With every visit to a marijuana dispensary these days, generally the first question you'll be asked by your friendly budtender is, "Are you looking for an indica, sativa or hybrid?". To a newbie, this may prompt the reply, "What's the difference?" , and thus begins the journey down the rabbit-hole of marijuana strain mythology.

For decades, the standard rule-of-thumb was that indica cannabis strains, like Bubba Kush, or Granddaddy Purple produced a heavy, sedated high and sativa-dominant strains like Blue Dream, or Sour Diesel would deliver a more energetic, euphoric high. If you just needed to sleep, you would choose an indica, if you wanted a more cerebral and less sedating high, you would go with a sativa. And a hybrid would offer you the best of both worlds--easy-peezy. 

While this seemed to be a fool-proof method for strain selection to fit your needs, it didn't always work out the way it was intended. For instance, you purchased a sativa strain to help spark your creativity in the kitchen, just to end up drooling on the couch pillow instead of over your culinary creation. Or you smoked some indica with the hopes of catching some Z's, but ended up energized, rediscovering and cataloging your entire music collection without a moment of shut-eye. So you go back to the dispensary and share your experience with the budtender, who suggests you try a hybrid next time..."Huh???", you say. 

So are there real differences between an indica and a sativa strain, or a hybrid dominated by one or the other? The predominant difference is their morphology, or the form and structure of the actual plant.  Indica plants tend to produce a short bushy plant with shorter, broader leaves and fat, compact flower buds.  Sativa plants are taller, with longer, thinner leaves and less dense buds.  That's where the simplicty ends.

The truth is much more complex. Over decades of cultivation, marijuana has been crossbred countless times so it's rare to find a pure indica or sativa strain; almost every strain on the market today is a hybrid.  Prior to the legalization of marijuana for medicinal purposes, growers focused on the psychoactive properties of THC versus the non-psychoactive CBD.  The medicinal marijuana market prompted more R&D and clinical trials of cannabis and resulted in discovery of the far ranging health benefits of the non-psychoactive CBD.  

Further complicating this issue is that the effects of marijuana also differ from person to person--depending on mood, individual body chemistry and environmental factors, etc. Specific strains also differ from crop to crop and grower to grower; a Blue Dream raised outdoors in Mendocino, will be different from a hydroponically, indoor grown plant; these differences were also noted in clones from the same mother plant.

With the state-by-state move towards legalization, the marijuana industry has been forced to evolve, giving rise to increased research and development and sophisticated testing methods.  The initial demands for cannabis testing and quality control were prompted by state regulators coupled with the industy's self-regulation and concerns for patient safety.  Patients wanted assurance they were purchasing products which were free from molds and pesticides and wanted a better understanding of its potency.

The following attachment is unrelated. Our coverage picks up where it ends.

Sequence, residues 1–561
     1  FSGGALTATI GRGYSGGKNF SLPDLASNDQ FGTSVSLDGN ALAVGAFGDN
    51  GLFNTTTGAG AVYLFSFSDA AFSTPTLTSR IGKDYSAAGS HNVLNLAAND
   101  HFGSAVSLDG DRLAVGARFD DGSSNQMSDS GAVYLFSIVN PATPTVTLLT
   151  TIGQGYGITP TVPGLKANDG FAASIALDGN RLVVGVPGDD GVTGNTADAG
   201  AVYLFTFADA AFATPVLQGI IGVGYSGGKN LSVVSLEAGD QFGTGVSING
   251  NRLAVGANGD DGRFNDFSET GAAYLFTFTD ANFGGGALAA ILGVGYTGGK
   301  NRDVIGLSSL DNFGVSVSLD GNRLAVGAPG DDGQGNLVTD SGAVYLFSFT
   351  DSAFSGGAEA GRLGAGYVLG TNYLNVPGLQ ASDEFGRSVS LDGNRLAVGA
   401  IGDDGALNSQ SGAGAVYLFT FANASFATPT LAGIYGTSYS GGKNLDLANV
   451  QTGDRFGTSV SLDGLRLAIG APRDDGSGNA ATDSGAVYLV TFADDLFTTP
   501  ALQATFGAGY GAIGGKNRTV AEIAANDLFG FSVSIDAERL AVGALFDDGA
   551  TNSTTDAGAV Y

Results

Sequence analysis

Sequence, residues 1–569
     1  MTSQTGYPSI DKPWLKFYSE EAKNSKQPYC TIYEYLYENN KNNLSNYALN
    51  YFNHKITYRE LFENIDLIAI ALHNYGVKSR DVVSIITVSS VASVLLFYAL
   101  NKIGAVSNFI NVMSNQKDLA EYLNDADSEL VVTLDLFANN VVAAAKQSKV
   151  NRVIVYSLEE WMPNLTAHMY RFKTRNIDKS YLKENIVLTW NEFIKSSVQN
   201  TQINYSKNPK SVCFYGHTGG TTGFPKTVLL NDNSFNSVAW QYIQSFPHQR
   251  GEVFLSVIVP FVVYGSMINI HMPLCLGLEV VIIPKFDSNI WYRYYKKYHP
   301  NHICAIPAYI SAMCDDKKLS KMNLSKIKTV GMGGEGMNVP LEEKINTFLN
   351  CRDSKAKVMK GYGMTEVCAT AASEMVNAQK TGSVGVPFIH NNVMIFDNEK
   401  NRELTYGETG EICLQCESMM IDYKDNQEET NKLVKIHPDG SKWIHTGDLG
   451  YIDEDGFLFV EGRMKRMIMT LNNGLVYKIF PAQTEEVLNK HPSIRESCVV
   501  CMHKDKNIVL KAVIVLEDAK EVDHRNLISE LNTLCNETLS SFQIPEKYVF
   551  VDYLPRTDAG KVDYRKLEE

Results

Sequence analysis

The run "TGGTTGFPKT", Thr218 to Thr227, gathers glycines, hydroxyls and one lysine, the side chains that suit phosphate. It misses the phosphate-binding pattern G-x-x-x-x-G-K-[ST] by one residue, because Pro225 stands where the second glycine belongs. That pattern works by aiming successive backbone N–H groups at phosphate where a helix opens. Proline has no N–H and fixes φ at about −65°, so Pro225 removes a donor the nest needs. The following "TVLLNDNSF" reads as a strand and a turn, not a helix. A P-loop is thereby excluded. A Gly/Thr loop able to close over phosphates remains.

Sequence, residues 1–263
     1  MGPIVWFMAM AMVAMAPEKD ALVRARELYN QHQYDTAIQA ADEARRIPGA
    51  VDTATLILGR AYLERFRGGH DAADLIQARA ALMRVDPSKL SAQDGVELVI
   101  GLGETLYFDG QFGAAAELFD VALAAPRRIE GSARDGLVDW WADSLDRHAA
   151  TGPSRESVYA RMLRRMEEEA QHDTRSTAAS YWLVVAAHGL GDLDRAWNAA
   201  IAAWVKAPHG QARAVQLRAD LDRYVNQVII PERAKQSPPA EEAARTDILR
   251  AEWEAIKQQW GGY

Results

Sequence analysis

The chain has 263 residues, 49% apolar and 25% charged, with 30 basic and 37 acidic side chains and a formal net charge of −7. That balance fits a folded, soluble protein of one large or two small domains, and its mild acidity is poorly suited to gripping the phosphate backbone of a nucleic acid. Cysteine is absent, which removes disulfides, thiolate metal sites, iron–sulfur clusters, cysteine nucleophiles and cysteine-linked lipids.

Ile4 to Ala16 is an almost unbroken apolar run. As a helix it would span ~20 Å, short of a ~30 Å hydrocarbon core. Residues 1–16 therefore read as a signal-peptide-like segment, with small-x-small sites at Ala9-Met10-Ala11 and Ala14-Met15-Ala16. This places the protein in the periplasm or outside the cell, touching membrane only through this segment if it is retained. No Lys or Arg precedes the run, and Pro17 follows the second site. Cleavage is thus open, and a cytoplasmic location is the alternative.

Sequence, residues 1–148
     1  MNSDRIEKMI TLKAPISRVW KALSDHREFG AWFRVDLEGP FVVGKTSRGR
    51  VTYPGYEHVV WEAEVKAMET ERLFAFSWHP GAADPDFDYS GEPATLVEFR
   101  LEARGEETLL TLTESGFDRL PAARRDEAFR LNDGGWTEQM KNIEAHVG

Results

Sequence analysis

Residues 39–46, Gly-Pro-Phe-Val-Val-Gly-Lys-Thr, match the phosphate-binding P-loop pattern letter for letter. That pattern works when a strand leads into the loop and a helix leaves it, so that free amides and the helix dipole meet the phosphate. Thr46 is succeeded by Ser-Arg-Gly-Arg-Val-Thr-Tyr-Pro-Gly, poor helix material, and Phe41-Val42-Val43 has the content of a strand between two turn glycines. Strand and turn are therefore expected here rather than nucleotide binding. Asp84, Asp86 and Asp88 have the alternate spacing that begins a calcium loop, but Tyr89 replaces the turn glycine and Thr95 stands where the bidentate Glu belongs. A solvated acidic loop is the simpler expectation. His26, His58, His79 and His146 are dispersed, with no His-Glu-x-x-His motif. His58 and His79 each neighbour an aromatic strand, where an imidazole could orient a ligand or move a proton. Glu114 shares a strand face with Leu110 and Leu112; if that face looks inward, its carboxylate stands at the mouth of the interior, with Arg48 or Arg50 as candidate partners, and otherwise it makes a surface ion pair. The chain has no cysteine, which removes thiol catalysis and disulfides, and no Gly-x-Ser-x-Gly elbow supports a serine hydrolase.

One of the pioneers in this area of research is Jeffery Raber, of The Werc Shop, who holds a Phd. from USC in chemistry.  Dr. Raber and his lab developed sophisticated testing techniques with the objective to better understand the medicinal properties of the cannabis plant and dosing.  Through Dr. Raber's intense pharmacology research, another key research area arose: terpenes.  Terpenes are the organic compounds found in the cannabis plant which provide their unique smell and flavor. Early research is suggesting that terpenes play a key role in the type of high a strain will produce when working in conjunction with the cannabinol components of THC and CBD of the specific strain. While terpenes on their own are non-psychoactive, it's how they interact with THC and CBD, or the entourage effect, is where current research is focused.

Terpenes exist in all plants and some insects, but there are essentially 11 key terpenes in cannabis strains that are thought to provide heatlh benefits when coupled with THC and CBD.  For instance, Jack Herer, a sativa strain contains a terpene called Pinene, it's flavor and aroma is reminiscent of pine and sage--also present in those plants.  Research indicates Pinene may ease inflammation and symptoms of asthma.  Its also thought to increase alertness and memory retention.  An indica predominant strain called Blackberry Kush contains the terpenes Linalool, also found in lavender, and Limonene, also found in citrus.  Flowery Linalool has a sedating effect and may help with insomnia, stress and depression.  Citrusy Limonene may ease anxiety and gastric reflux.

As the industry evolves, so does our understanding of the mysteries of the cannabis plant.  As our awareness of the health and recreational uses of the plant increase, it's high time to dispel the myths surrounding its use and effects. We have evolved beyond the simplistic indica versus sativa mindset and now producers and dispensaries should provide patients and recreational users a more nuanced, and educated approach in recommending specific strains.

Check back for more discussion on this topic as we prepare to launch our NectRX™ Ultra line of strain-specific oils in the coming weeks.